Nirav Shah, M.D., MPH, Senior Scholar, Clinical Excellence Research Center, Stanford University; Collaborator, CoVidActNow, @niravrshah

David C. Radley, Ph.D., MPH, Senior Scientist, Tracking Health System Performance, The Commonwealth Fund, @commonwealthfnd

Event Resources

Resources by Event 

Session 1 – Flattening the Curve 

“This is How We Can Beat the Coronavirus.” Carroll, A. and Jha, A. The Atlantic. March 19. 2020. Available at 

“How Cities Around the World are Handling COVID-19– and Why We Need to Measure Their Preparedness.” Muggah, R. and Katz, R. World Economic Forum. March 17, 2020. Available at 

“A ‘Novel Virus’ Means We Have to Take on ‘Novel’ New Ways of Living our Lives Right Now.” Winters, K. Lexington Herald Leader. March 11, 2020. Available at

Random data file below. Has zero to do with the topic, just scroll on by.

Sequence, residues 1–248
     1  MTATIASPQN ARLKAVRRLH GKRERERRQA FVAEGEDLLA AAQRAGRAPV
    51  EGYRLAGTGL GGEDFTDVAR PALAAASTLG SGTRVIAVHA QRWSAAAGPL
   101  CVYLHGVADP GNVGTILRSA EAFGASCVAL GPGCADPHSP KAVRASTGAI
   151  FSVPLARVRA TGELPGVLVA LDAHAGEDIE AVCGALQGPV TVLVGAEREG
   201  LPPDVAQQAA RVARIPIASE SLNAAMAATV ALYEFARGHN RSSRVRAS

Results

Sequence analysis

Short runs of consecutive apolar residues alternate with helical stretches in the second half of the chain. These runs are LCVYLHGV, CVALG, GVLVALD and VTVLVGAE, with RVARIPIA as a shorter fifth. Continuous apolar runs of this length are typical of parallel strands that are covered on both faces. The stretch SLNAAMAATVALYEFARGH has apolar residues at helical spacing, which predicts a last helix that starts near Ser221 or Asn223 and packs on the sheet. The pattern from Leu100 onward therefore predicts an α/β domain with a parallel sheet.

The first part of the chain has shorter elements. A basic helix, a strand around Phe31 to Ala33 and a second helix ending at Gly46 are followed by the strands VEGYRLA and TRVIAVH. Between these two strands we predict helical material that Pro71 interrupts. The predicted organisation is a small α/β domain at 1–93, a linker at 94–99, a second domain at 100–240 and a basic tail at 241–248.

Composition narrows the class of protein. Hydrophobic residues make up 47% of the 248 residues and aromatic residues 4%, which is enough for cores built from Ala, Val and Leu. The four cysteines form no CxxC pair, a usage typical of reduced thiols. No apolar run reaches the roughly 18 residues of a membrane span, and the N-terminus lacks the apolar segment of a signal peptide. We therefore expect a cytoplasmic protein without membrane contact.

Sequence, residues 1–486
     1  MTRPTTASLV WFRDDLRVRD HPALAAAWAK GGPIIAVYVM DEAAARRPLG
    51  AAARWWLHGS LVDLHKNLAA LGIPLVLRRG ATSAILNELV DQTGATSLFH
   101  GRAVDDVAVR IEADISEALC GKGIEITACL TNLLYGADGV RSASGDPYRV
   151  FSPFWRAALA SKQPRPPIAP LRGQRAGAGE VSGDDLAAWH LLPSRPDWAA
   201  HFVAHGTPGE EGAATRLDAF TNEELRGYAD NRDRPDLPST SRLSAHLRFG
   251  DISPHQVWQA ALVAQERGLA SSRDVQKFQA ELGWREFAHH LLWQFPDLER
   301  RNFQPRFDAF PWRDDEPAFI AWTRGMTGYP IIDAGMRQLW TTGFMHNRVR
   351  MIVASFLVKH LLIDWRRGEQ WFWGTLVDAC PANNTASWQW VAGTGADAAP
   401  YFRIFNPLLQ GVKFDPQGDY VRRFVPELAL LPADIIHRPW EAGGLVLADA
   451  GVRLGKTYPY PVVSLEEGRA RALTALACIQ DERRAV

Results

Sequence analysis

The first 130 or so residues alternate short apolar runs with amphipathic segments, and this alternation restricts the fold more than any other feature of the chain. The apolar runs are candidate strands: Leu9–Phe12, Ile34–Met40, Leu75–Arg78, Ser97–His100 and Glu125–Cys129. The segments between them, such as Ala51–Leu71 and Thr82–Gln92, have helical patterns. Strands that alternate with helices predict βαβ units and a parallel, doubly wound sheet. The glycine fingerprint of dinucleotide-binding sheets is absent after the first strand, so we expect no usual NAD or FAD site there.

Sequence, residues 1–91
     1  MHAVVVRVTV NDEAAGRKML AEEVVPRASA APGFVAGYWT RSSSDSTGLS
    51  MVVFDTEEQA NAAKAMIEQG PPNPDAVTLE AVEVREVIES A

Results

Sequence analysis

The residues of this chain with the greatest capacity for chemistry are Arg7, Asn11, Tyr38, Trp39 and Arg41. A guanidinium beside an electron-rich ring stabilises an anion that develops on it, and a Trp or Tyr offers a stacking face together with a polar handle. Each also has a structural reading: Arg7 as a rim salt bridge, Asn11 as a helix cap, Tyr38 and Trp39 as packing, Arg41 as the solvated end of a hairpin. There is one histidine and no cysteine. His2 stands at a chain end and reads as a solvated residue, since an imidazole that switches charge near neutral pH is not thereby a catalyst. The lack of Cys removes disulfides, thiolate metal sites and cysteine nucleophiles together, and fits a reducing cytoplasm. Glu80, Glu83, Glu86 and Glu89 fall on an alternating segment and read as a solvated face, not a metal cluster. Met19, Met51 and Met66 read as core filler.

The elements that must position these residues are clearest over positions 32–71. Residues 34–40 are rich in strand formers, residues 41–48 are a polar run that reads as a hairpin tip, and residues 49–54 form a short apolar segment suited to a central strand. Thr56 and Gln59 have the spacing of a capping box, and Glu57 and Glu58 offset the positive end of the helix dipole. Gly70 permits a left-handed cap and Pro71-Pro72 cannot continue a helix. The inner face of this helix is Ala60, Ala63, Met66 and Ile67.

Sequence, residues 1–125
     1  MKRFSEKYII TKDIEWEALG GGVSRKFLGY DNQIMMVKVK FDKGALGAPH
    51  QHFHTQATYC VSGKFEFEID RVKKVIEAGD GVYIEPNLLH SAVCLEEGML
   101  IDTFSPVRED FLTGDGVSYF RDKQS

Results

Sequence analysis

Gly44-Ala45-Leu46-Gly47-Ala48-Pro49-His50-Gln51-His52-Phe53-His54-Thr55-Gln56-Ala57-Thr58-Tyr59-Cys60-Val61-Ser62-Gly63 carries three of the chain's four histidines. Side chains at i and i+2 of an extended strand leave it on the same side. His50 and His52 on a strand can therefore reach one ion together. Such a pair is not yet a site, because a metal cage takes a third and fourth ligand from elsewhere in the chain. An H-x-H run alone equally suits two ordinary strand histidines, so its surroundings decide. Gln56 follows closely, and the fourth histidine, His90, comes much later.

“The Effect of Travel Restrictions on the Spread of the 2019 Novel Coronavirus (COVID-19) Outbreak. Chinazzi, M., Davis, J. Ajelli, M., et. al. Science. March 6, 2020. Available at


Session 2 – At the Front Line: Public Health and Health System Challenges 

“Leveraging Partnerships Across State Agencies Can Vastly Improve Critical Immunization Efforts.” Kennedy, S. and Wasserman, S. Academy Health. March 23, 2020. Available at 

“Are Hospitals Near Me Ready for Coronavirus? Here are Nine Different Scenarios.” Waldman, A. Shaw, A. Ngu A., et. al.  ProPublica. March 17, 2020. Available at 

“How Should U.S. Hospitals Prepare for Coronavirus Disease 2019 (COVID-19)? Chopra, V., Tone, E., Waldhorn, R., et. al. Annals of Internal Medicine. March 11, 2020. Available at